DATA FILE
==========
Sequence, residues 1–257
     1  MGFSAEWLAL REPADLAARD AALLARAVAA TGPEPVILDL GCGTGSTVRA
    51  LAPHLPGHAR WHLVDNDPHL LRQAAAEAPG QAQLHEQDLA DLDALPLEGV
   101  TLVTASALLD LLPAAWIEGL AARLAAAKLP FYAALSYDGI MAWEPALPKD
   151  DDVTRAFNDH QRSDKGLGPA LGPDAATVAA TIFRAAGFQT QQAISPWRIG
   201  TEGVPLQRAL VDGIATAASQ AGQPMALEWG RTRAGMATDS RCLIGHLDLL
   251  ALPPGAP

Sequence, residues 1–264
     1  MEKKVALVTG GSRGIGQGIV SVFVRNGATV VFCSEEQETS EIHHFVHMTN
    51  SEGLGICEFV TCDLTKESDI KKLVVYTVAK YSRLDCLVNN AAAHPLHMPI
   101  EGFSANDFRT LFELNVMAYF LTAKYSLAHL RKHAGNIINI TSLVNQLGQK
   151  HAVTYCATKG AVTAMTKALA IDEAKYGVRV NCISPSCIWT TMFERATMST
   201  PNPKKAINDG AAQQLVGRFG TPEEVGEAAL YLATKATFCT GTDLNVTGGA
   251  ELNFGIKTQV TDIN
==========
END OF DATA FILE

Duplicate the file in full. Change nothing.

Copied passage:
Sequence, residues 1–257
     1  MGFSAEWLAL REPADLAARD AALLARAVAA TGPEPVILDL GCGTGSTVRA
    51  LAPHLPGHAR WHLVDNDPHL LRQAAAEAPG QAQLHEQDLA DLDALPLEGV
   101  TLVTASALLD LLPAAWIEGL AARLAAAKLP FYAALSYDGI MAWEPALPKD
   151  DDVTRAFNDH QRSDKGLGPA LGPDAATVAA TIFRAAGFQT QQAISPWRIG
   201  TEGVPLQRAL VDGIATAASQ AGQPMALEWG RTRAGMATDS RCLIGHLDLL
   251  ALPPGAP

Sequence, residues 1–264
     1  MEKKVALVTG GSRGIGQGIV SVFVRNGATV VFCSEEQETS EIHHFVHMTN
    51  SEGLGICEFV TCDLTKESDI KKLVVYTVAK YSRLDCLVNN AAAHPLHMPI
   101  EGFSANDFRT LFELNVMAYF LTAKYSLAHL RKHAGNIINI TSLVNQLGQK
   151  HAVTYCATKG AVTAMTKALA IDEAKYGVRV NCISPSCIWT TMFERATMST
   201  PNPKKAINDG AAQQLVGRFG TPEEVGEAAL YLATKATFCT GTDLNVTGGA
   251  ELNFGIKTQV TDIN